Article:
How I became an Analytics Engineer

Automatic Summary

The Analytics Engineer: A Comprehensive Introduction

Welcome, everyone, to a space designed to give clarity about a relatively new role in the data team – The Analytics Engineer. This title is fairly young, and there are limited resources available online. Therefore, in this conference session, we aim to explain the role of an Analytics Engineer, explore its significance in the business, and discuss how you too can pave your way to this ever-evolving role.

Understanding the Role of an Analytics Engineer

Several years ago, Spotify recognized a missing piece in their team structure. They needed an individual who could bridge the gap between understanding the business, software engineering practices, and technical know-how. Essentially, they required someone who lived in the intersection of deep business knowledge and robust technical skills. In addressing this need, they inadvertently birthed the role of an Analytics Engineer.

We are looking for an expert in building out analytical data layers to join the band and help drive a data-first culture across the ad supported business in Spotify.

The Analytics Engineer's role exists 'in-between' a Data Engineer and a Data Analyst. The Data Engineer's role involves preparing and maintaining the data infrastructure, while the Data Analyst uses this data to solve problems and answer business questions. The Analytics Engineer bridges the gap between these two roles, introducing good software engineering practices to the analysts' efforts and bringing a business mindset to the Data Engineering tasks.

Data Roles – A Closer Look

Data Engineer

These individuals focus on more technical aspects of data management. They handle data integrations, manage data pipelines and endpoints, and maintain the data warehouse.

Data Analyst

On the other hand, Data Analysts deep dive into business-oriented tasks. They answer business-related questions, work with business stakeholders, build dashboards, do forecasting, and handle reporting.

Analytics Engineer

This 'in-between' role ensures clean, transformed data is provided for analysis. Applying the best software engineering practices to data-related tasks, maintaining documentation and definitions, and training business users on using data tools are some of the essential responsibilities of an Analytics Engineer.

Tools of the Trade

Given the bridge-like nature of the role, Analytics Engineers utilize a spectrum of tools. Some of these include:

  • Cloud data tools like Snowflake, BigQuery, and Redshift for data storage,
  • ETL tools such as FiveTran, Talend, and Stitch for data loading,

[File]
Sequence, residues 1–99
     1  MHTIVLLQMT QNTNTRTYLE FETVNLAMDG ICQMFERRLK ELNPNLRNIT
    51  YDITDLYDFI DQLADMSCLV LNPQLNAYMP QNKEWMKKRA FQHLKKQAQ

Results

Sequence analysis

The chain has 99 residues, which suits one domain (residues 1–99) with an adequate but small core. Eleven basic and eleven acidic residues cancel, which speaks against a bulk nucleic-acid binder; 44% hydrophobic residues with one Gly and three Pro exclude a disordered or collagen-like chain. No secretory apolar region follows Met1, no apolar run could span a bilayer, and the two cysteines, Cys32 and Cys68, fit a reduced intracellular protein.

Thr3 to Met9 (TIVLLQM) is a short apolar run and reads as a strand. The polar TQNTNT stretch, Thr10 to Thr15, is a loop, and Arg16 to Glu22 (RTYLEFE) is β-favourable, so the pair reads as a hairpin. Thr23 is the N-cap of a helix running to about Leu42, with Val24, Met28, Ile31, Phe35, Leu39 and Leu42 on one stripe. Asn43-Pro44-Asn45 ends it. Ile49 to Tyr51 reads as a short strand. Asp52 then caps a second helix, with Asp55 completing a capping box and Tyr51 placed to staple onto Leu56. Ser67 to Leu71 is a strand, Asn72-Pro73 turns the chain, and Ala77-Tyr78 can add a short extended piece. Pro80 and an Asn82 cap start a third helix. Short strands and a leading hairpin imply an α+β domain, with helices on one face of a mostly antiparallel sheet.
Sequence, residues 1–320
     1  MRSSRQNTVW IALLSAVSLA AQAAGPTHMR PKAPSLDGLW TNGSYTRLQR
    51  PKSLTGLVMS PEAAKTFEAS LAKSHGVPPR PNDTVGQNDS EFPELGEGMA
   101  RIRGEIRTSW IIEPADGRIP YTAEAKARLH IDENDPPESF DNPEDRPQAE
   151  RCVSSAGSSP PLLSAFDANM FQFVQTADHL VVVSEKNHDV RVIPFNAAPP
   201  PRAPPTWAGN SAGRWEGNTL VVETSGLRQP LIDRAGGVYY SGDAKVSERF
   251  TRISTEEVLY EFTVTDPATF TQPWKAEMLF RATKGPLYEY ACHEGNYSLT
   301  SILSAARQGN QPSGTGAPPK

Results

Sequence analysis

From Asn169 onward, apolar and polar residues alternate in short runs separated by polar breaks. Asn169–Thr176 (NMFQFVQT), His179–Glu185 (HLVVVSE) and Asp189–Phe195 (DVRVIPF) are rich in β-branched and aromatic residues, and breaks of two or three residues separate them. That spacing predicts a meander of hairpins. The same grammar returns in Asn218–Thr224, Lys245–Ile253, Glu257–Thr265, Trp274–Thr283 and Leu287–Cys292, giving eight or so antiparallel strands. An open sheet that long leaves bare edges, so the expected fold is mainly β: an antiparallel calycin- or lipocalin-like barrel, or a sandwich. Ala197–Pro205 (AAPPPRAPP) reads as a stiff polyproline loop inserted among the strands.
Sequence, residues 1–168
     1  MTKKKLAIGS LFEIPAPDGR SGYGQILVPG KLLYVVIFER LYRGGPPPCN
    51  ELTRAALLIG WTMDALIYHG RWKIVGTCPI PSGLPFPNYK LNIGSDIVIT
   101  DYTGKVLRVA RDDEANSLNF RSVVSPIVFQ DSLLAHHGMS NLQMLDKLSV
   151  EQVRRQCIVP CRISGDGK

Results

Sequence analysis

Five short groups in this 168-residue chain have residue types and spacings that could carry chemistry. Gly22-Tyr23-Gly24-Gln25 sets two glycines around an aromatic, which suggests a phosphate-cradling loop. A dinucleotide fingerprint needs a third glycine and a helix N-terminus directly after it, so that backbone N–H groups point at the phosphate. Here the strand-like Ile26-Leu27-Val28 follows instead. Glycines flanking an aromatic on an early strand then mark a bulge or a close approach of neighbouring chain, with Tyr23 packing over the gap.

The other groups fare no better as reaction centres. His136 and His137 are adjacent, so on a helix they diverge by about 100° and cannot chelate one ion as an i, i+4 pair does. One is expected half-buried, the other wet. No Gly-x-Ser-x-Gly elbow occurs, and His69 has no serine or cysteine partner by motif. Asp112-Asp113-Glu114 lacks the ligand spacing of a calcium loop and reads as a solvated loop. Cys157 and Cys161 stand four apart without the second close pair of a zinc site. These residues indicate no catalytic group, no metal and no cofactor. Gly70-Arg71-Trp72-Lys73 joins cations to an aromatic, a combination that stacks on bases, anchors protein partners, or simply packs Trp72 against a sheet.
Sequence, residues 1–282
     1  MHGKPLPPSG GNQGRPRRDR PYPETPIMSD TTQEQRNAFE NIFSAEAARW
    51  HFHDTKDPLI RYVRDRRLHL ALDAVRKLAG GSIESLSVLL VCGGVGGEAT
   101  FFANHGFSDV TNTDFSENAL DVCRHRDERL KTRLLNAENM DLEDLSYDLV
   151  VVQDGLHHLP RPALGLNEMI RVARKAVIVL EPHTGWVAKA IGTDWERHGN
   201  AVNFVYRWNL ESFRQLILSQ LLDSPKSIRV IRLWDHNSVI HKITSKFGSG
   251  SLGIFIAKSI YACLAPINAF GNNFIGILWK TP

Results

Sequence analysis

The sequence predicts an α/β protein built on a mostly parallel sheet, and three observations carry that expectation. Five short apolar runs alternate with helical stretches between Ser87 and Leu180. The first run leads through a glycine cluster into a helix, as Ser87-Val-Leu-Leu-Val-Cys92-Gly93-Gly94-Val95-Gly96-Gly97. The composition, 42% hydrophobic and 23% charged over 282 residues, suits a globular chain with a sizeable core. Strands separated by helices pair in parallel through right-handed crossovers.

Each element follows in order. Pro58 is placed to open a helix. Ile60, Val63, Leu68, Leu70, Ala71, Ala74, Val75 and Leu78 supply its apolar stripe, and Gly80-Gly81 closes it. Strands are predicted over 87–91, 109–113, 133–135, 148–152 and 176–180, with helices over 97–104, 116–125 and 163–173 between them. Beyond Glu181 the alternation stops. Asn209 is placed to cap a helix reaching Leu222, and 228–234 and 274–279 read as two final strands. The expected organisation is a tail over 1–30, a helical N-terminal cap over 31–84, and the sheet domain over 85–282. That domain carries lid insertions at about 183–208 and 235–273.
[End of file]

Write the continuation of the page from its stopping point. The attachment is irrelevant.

• DBT or Dataform for Data modelling, and
  • BI tools like Looker, Mode, and Tableau for data presentation.

The Journey to Becoming an Analytics Engineer

The role of an Analytics Engineer requires a unique blend of business acumen, technical prowess, and data management knowledge. This combination doesn't come overnight – it's a career journey, refined and tailored over time. Below is the career trajectory for an Analytics Engineer:

  1. Start with a strong understanding of databases concepts, SQL, and data pipelines, alongside insights into reporting and software engineering best practices.
  2. Experience in data warehousing, ETL development, and working with an ERP system gives valuable practical experience.
  3. Branch out into being an IT systems specialist or SQL developer to deepen the technical knowledge combined with business understanding.
  4. Finally, merging all the skills leads to the role of the Analytics Engineer, a perfect blend of technical and business knowledge.

In Conclusion

The Analytics Engineer is a career path with vast opportunities and immense potential. For those interested to pursue this path, focus on continually expanding your knowledge around databases, SQL, data pipelines, reporting, and software engineering best practices. With the advancing technology and growing businesses need to make data-driven decisions, the role of an Analytics Engineer will continue to become increasingly significant.

If this piece sparked your interest and you want to dive deeper into the topic, feel free to reach out or find additional resources in the GitHub repository linked here.

Video Transcription

Again, welcome everyone. Um I hope you're enjoying uh the conference. There's certainly a lot of like very interesting talks and I appreciate that you are attending to. So a little bit an introduction about myself. I am an analytics engineer as the title says.And um what I'm going to talk today is how I end up with this title basically because this is a fairly new uh title. I would say there's not much also online. Uh So, and I really like it and I want to share it and I want more people to know about it and what are analytics doing analytics engineers doing. Uh So you can also be one if you want. Um I'm not going to introduce myself a little bit more because we're going to go more into details into my career. So, but first, let's start what is exactly the analytics engineer role. So a few years ago in a Spotify, um they realized that they had, they were missing a person, basically, they were missing someone um that could get like to know the business, but also the software engineer and practices and the technical stuff because they were seeing that the analysts, they're very deep into business knowledge, but they lack of the computer science background basically.